The Fellini Museum Opens in Rimini, Italy
Images by Lorenzo Burlando
It would be difficult to over-emphasize the degree to which Federico Fellini‘s 1960 masterpiece La Dolce Vita changed everything that came after it. One could argue, in fact, that the exalted Italian director prophesied contemporary celebrity culture itself.
Considering his unparalleled vision, and that he’s counted amongst the five or six greatest directors in cinematic history, it’s hard to imagine that it has taken this long – but a museum dedicated to his monumental career has just opened in his birthplace of Rimini, in the province of Emilia Romagna. Not so much a straight-up tribute, Museo Fellini is presented more as an opportunity to be immersed in his often fantastical filmic world. The idea for it actually arose from, “the intention of restoring and interpreting his work as a key to connect tradition and contemporaneity, showcasing the beauty that comes from his ideas and art.” So, yes – a notion truly worthy of Il Maestro.
Intriguingly, it’s spread over three different sites in the center of the city: the 15th Century Castel Sismondo, designed by Filippo Brunelleschi (he of Florence’s Duomo); the 18th Century Palazzo del Fulgor, whose eponymous cinema was prominently featured in Amarcord, and now boasts sets by three-time Oscar winner Dante Ferretti; and the Piazza Malatesta, an immense plaza surrounded by majestic 15th Century architecture, and dotted with green spaces for performance and art installations.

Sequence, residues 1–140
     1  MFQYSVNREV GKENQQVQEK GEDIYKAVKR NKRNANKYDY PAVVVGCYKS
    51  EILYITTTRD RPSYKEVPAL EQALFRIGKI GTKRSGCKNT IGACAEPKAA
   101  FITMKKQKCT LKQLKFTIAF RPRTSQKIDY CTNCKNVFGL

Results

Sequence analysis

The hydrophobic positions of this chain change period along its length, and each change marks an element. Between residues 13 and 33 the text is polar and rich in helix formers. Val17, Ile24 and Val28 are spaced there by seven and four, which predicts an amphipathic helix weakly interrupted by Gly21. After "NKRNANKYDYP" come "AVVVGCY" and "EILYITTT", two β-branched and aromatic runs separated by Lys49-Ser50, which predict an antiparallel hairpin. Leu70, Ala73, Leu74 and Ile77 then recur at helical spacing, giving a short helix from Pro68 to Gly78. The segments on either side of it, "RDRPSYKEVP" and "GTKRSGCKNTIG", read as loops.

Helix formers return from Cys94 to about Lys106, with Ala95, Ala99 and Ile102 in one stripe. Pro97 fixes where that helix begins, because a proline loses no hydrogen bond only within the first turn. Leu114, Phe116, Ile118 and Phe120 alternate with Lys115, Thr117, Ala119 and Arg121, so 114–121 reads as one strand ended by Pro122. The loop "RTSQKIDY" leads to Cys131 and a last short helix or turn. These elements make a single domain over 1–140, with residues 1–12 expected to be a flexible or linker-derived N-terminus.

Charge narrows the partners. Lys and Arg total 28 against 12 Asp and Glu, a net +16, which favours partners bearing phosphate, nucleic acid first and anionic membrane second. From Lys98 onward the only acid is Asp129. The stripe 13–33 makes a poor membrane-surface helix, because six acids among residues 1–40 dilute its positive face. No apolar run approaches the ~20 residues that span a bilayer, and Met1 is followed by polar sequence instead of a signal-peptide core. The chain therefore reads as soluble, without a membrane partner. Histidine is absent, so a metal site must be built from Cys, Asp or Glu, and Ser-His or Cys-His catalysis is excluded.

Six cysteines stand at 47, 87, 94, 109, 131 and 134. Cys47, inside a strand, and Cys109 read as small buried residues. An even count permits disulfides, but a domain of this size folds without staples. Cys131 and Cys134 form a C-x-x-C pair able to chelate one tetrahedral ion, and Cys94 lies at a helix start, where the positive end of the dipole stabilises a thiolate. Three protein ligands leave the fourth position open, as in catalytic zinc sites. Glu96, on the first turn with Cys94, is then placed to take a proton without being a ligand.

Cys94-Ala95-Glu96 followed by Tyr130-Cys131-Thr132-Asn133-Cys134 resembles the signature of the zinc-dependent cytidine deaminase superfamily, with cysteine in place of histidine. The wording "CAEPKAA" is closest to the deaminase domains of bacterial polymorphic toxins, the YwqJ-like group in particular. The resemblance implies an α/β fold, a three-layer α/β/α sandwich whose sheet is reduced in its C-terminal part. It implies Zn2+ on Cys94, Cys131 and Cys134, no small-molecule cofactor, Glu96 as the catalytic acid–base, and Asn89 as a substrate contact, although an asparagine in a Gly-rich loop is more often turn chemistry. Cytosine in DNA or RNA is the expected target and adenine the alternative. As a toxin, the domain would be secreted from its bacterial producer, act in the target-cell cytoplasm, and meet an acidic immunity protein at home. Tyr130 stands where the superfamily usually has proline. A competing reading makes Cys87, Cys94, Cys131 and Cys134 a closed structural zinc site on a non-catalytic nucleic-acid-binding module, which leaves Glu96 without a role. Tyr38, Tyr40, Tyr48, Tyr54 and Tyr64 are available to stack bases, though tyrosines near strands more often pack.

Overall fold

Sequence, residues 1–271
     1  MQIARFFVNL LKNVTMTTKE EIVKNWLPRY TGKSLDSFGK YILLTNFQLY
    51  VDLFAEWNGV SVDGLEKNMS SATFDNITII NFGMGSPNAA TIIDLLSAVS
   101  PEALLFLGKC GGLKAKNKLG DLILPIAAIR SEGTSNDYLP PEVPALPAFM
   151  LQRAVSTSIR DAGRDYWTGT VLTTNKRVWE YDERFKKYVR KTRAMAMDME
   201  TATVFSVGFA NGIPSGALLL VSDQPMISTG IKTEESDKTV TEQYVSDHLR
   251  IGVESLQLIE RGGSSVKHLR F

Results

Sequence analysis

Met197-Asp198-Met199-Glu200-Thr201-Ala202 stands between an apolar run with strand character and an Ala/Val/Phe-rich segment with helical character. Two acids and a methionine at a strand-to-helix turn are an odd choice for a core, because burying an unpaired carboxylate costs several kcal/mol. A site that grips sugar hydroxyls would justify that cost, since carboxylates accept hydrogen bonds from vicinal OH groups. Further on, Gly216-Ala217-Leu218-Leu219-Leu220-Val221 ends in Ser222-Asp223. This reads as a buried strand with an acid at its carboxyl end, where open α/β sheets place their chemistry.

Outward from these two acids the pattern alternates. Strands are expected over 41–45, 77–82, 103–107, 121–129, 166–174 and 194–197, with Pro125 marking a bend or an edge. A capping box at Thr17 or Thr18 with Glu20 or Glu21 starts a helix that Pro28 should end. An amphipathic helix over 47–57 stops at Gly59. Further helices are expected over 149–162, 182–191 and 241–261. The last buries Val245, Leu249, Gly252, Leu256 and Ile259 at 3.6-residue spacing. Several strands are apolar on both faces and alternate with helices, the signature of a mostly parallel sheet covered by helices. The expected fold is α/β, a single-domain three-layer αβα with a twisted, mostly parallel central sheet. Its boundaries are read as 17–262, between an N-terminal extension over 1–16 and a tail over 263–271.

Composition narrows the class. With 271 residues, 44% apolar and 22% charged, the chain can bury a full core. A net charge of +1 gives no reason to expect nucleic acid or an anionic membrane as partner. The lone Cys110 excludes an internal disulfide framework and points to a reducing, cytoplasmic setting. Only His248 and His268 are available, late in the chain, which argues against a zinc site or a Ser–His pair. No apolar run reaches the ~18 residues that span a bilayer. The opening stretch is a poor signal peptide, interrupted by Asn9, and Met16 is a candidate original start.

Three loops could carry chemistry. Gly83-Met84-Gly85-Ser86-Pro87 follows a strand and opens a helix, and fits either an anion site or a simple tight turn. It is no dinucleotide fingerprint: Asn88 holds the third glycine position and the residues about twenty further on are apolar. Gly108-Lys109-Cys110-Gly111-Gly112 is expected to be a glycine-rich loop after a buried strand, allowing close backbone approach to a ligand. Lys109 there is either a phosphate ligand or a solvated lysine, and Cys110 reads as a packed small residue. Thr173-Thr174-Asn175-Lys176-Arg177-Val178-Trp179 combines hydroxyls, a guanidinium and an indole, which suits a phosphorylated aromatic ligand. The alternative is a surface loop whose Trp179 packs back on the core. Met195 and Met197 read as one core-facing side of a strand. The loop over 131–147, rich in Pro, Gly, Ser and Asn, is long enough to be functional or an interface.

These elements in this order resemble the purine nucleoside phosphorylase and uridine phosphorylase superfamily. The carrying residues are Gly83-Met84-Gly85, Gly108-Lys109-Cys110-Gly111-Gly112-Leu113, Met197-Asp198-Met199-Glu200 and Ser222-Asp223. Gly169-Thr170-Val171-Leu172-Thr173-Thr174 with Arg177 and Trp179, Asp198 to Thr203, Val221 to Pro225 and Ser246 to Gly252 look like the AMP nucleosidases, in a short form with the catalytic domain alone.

Within the exhibition areas, most striking is a prodigious sculpture of Anita Eckberg, who legendarily played the glamorous movie star Sylvia in Le Dolce Vita. But with more than five hours of film clips, and exhibits arranged as a kind of audio-visual narrative tracing the “creative flow” of Fellini’s work, visitors are meant to feel as if they have been placed directly into his cinematic world, one in which both reality and fantasy were so deftly interwoven. Most fascinatingly, a special section displays original set designs, objects and photos, plus costumes by Danilo Donati, and notebooks that belonged to Nino Rota, the composer who scored so many of his films.
What surely made Fellini like no other director was that he was so equally adept at being prophetic and nostalgic, with a film like Juliet of the Spirits exploring female empowerment before such a thing had actually even been defined, and another like Amarcord so sentimentally referencing his own childhood. And what the Fellini Museum so thoughtfully offers is a chance to, just for awhile, escape into the considerable depths of his creativity and viscerality, and surely come out all the better for it.
Stay: Grand Hotel Rimini
A classic European grand hotel first built by the Societa Milanese Alberghi, Ristoranti e Affini, the Grand Hotel Rimini was inaugurated all the way back in July of 1908. It was a Fellini favorite, and even makes an appearance in Amarcord. It now offers contemporary/historic luxury elegantly overlooking the Adriatic sea. Interiors feature 18th century French furnishings, Murano chandeliers, and Belle Epoque style lounges, while beautifully designed rooms have parquet flooring and travertine marble bathrooms.